If you live on the coast or in areas where the roads are heavily salted, wax myrtles might be a great selection for your garden since they are highly tolerant to brackish water, salt and other tough conditions.

When it comes to wildlife services, wax myrtle can provide it all. Its evergreen leaves not only provide cover year-round, but it is also the larval host plant for the red-banded hairstreak butterfly.

In spring, small green flowers bloom along the old-growth branches that attract a variety of pollinators. However, in order for the flowers to ripen into berries, a male and female wax myrtle must both be present in the area. Once pollinated, the female plants produce grey-blue berries which ripen in the late fall and early winter. Birds and other wildlife, especially the yellow-rumped warbler, will hop between branches and forage the berries while they last.

Reaching a height of 6-12 ft. tall, this evergreen shrub is commonly planted as a screen plant in residential landscapes. It is also frequently used in habitat restoration projects, wetland gardens, hedgerows and other landscape designs.

Fun Fact: Wax myrtle berries were traditionally boiled to separate the berry from the waxy coating to glean wax that was used to make candles.

Winged Sumac

Winged sumac, Rhus copallinum, is a native, deciduous small tree that can be found in central and eastern regions of North America. It can be found naturally occurring in plains, rocky slopes, woodlands and prairies.

This small tree typically grows between 10 to 15 feet high. It will grow in a variety of soil types ranging across the state of North Carolina and will grow easily in places prone to heat and drought. While it can grow in a variety of soil types and soil moistures, it does prefer to be planted in full sun with good drainage. As it grows, it tends to sucker and create a dense patch of habitat that is perfect for hillsides and natural areas.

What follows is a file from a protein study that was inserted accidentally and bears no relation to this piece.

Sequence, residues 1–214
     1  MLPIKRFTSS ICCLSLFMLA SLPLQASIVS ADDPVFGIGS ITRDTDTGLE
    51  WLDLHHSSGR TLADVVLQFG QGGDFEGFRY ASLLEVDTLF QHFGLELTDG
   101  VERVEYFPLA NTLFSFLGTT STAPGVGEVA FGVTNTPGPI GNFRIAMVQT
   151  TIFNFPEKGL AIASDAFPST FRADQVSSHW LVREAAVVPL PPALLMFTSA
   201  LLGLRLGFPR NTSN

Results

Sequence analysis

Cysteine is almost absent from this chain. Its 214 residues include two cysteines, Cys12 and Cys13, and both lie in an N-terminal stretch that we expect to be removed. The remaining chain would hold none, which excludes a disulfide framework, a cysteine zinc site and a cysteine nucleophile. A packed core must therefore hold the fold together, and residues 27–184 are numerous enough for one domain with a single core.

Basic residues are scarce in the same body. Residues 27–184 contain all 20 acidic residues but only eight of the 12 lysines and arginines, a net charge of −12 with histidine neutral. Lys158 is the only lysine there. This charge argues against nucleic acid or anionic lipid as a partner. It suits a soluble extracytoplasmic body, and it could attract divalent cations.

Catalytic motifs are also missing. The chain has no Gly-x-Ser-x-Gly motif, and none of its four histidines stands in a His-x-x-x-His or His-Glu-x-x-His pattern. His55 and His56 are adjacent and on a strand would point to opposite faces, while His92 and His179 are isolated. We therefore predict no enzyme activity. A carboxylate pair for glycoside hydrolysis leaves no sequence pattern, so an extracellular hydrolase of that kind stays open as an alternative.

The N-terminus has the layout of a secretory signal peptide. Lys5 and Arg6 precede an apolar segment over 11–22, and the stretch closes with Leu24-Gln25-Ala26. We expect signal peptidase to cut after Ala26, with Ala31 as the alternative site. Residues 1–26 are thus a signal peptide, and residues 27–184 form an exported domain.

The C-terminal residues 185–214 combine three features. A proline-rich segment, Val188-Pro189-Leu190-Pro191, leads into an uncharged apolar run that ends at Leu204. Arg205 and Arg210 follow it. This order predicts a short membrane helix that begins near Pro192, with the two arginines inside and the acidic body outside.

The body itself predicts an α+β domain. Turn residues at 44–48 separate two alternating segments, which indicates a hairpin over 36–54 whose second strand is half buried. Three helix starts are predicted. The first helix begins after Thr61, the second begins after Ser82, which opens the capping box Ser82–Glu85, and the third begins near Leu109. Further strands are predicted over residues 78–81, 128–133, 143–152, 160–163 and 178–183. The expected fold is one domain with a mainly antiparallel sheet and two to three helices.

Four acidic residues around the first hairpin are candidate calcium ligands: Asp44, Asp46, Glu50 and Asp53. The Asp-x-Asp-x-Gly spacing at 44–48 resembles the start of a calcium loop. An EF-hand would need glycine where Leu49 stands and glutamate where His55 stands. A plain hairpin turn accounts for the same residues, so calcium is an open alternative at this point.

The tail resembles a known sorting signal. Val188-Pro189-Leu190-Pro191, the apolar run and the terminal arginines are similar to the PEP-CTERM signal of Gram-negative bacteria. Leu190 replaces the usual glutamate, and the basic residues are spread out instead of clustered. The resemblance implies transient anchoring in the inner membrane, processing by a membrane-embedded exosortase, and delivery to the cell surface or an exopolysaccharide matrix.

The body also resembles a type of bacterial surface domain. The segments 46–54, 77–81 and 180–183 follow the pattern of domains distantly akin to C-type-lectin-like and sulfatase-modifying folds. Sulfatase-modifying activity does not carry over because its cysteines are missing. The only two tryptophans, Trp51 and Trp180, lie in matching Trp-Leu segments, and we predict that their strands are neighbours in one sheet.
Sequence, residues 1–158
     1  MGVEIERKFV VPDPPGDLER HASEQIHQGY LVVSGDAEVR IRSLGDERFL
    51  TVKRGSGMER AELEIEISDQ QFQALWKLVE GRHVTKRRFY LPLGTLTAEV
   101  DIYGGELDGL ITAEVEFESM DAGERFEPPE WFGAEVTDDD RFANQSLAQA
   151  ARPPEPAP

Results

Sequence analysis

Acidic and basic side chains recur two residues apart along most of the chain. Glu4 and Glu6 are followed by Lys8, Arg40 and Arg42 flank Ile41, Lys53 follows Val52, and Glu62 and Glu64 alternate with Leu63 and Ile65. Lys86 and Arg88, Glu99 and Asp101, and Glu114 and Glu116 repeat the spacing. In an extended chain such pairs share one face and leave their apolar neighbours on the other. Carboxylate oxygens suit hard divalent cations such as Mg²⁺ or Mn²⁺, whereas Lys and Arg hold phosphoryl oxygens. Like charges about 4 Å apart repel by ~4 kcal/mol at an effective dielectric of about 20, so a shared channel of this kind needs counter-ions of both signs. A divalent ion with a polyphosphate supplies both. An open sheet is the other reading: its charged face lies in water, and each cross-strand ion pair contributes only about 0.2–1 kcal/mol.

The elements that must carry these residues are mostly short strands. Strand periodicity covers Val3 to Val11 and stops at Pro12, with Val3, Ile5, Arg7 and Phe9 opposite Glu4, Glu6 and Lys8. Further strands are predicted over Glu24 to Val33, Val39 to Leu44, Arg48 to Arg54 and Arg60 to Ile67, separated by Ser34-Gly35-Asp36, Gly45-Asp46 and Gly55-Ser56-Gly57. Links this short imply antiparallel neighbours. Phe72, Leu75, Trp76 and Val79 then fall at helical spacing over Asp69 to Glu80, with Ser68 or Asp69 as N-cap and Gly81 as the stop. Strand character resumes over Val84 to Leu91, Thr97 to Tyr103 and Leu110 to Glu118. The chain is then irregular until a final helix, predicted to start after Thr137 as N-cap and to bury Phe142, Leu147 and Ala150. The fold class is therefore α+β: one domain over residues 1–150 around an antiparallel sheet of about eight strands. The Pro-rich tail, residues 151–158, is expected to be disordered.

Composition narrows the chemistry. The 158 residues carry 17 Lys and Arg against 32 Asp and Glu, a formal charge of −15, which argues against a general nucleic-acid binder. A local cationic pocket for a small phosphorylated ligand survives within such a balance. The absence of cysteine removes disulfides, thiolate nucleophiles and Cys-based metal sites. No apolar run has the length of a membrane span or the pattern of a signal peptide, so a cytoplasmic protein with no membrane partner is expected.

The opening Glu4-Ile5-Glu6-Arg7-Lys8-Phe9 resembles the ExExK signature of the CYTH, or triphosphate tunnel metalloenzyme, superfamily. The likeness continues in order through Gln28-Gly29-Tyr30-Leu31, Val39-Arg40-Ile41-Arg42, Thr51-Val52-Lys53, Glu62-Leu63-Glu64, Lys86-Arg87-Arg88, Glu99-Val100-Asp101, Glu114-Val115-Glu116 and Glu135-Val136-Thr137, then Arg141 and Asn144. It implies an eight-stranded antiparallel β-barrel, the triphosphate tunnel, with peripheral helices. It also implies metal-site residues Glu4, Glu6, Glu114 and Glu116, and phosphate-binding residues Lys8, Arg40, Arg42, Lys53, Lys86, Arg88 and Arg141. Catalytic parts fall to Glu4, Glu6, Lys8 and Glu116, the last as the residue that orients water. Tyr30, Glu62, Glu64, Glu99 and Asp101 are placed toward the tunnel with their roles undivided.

Winged sumac blooms in the late summer, typically from July to September. The greenish-yellow flowers develop into a bushy panicle of star-shaped flowers that grow at the center of outward branch. This cluster of nectar and pollen attracts an abundance of pollinators. The compound, green leaves turn a bright red in the fall adding beautiful fall color to a garden.

In order for the flowers to be pollinated, a male and female plant must be planted within the same area. Once cross-pollination occurs, the flowers develop into dull red-purple berries that persist on the tree into late winter and gradually turn black. The berries are eaten by songbirds, gamebirds, and mammals. It is also the larval host plant for red-banded hairstreaks and luna moths.

Winged sumac is often planted in hedgerows, naturalized areas and hillsides but it can also be incorporated into pollinator, wildlife or winter gardens.

Fun Fact: The central leaf stalk is winged between the leaflets, giving this plant its common name.

Winterberry

Photo by: David J. Stang

Winterberry, Ilex verticillata, is a native, deciduous shrub that is found near swamps, streams, river banks, ponds and lakes. Its preference for moist to wet soils allow it to thrive in habitats that are near bodies of water.

It is very adaptable to a variety of light conditions, with some growing in full shade and others growing in full sun. It is typically grown as a multi-branched large shrub, reaching a height of 10-15 feet tall, or as a small shrub with dwarf cultivars reaching 4-5 feet tall.

Winterberry offers a variety of wildlife benefits. Small, white flowers bloom along the stems in spring and early summer. The flowers grow close to the stem in clusters, attracting a variety of pollinators. In the fall, the pollinated flowers ripen into a tight cluster of bright red berries. In order for berries to develop, a male and female winterberry must be present in the same area so cross-pollination can occur. The berries only grow on the female shrub.

The leaves of winterberry are green during summer and may have caterpillars of the Henry's elfin butterfly munching on them. The leaves offer food to browsing deer and rabbits before turning yellow and dropping off in the fall. The berries ripen from August to December and provide food for 48 different bird species. These bright red berries offer beautiful winter interest in your garden as they persist on bare branches into late winter.